Football started as a community game, whether that community be local or national, but it has increasingly become a cash cow for club owners. TV deals, transfer fees, and merchandising have brought in billions of dollars for wealthy clubs. Existing international football associations including FIFA and UEFA are complicit in this evolution, making the game more lucrative for owners and less competitive for fans. Seeking to protect their own cash cow at the expense of the European Super League, UEFA threatened to ban players in the European Soccer League from participating in the European Championships and FIFA World Cup. Sky Sports, whose current £1 billion+ TV deal is ending after the 2021/22 season allowed their pundits to orchestrate a top-down opposition to the new League.

The Premier League itself was the brainchild of the “Big Five” of English football in the early 1990s, similar to the top-down conception of the European Super League. Before that, upstarts like Nottingham Forest could reach the top of the sport. In the 1970s, under Brian Clough, they were considered upstarts compared to Liverpool, England’s strongest club side in the 1970s who won two European cups in 1977 and 1978 before Forest’s consecutive triumphs. Excluding the Brian Clough era from 1975-93, Nottingham Forest have led a relatively moderate existence. The club would have to go back to the 1959 FA Cup before their last national title. Such a history is possible because of the English football pyramid.

With built-in mechanisms for promotion and relegation, the system has historically rewarded long-term planning and sensible management of clubs. Therefore, fans with a vested interest in a club’s fortune were safe in the knowledge that club owners would protect local talent and maintain fan involvement. In more recent times, Leicester City laid the groundwork for their remarkable Premier League triumph in 2016 with an equally impressive escape from the brink of relegation to the Championship in the previous season.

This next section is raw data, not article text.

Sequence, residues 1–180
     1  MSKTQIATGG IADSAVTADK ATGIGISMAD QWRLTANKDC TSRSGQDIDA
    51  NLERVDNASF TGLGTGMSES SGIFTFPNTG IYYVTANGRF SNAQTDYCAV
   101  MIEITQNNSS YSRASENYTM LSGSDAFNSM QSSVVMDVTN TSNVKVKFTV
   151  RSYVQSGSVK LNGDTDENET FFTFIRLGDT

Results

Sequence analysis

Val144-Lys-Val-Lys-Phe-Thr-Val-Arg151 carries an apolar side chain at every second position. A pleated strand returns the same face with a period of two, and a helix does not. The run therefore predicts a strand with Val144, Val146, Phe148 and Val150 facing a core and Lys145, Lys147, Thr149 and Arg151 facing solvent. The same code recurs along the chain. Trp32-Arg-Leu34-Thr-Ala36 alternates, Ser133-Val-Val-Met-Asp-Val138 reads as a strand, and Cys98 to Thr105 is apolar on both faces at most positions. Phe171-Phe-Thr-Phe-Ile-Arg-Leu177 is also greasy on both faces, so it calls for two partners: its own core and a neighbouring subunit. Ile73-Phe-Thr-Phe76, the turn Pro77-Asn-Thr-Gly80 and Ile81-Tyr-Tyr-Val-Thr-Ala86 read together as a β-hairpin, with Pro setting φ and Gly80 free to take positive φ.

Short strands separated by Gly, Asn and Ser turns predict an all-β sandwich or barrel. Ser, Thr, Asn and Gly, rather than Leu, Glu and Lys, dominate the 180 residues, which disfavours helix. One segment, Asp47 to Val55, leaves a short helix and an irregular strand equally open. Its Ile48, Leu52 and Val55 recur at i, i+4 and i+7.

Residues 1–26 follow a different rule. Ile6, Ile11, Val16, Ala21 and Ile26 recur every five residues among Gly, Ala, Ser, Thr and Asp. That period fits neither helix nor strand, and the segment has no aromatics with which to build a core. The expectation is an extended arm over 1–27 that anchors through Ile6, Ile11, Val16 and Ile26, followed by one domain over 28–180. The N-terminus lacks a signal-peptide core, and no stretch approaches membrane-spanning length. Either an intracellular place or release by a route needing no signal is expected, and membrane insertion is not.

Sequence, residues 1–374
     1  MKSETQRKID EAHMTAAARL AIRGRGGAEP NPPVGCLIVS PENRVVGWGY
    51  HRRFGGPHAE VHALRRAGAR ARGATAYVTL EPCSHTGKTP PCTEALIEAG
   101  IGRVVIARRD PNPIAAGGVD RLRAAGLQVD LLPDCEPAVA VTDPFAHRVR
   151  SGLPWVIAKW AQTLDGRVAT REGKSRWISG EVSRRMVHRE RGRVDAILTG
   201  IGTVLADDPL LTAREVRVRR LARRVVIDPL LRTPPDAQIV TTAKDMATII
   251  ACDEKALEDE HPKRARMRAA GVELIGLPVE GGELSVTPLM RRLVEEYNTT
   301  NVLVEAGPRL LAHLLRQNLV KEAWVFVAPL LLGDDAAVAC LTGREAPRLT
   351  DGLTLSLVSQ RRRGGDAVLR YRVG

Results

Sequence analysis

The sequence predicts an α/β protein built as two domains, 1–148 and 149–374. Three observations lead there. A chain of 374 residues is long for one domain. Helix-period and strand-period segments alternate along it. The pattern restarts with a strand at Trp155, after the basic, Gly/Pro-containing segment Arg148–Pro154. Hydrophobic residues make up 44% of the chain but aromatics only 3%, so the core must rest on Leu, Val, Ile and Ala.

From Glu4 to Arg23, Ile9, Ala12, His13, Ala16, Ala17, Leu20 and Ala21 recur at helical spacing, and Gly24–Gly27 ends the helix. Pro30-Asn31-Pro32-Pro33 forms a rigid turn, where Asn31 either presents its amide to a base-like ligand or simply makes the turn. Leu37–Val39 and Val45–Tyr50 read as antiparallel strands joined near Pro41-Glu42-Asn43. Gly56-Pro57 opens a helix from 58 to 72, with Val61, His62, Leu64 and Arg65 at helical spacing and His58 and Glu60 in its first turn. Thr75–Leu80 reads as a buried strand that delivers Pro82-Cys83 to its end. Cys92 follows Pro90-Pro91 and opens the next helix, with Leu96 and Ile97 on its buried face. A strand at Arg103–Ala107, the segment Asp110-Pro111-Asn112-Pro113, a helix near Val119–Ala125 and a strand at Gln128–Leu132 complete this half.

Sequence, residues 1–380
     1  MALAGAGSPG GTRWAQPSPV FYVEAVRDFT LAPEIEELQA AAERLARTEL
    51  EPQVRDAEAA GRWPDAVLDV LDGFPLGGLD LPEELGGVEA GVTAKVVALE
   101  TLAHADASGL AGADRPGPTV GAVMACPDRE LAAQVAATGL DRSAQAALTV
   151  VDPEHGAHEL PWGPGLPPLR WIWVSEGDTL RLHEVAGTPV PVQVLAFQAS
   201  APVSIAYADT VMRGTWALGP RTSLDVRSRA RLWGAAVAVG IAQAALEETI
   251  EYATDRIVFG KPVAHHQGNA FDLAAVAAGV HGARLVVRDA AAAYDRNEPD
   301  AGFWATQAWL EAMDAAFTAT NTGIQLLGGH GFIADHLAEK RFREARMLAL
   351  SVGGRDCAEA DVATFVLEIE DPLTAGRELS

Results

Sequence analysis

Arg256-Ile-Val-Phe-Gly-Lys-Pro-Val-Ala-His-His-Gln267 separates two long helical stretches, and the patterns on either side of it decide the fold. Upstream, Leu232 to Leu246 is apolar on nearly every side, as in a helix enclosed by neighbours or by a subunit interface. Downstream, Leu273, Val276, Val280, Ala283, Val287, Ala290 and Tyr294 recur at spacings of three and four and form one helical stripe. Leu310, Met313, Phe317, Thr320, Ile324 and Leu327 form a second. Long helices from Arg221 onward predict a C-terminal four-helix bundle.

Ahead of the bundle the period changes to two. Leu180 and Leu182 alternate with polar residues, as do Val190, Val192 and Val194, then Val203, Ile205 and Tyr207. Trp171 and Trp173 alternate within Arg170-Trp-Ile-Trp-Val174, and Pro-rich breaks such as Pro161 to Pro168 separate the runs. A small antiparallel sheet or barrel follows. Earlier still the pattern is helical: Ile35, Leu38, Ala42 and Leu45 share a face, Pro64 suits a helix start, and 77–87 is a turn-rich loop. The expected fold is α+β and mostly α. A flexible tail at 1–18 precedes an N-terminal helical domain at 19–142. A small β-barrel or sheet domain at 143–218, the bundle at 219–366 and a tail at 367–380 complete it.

Anfield, the home of Liverpool FC, 1983

Clubs across the world have become caught up in the commodification of the neoliberal era since the 1970s. As early as 1979, Brian Clough’s Nottingham Forest spent £1 million to sign Trevor Francis from Birmingham City, who went on to help Forest to win two European Cups. Even then, this fee would equate to a modest £4.6 million when adjusting for inflation in 2021. An explosion of transfer fees has occurred in the modern era, with the first £100 million player costing £198 million when Neymar transferred from Barcelona to Paris Saint Germain in 2017, fuelled by Qatari state investment.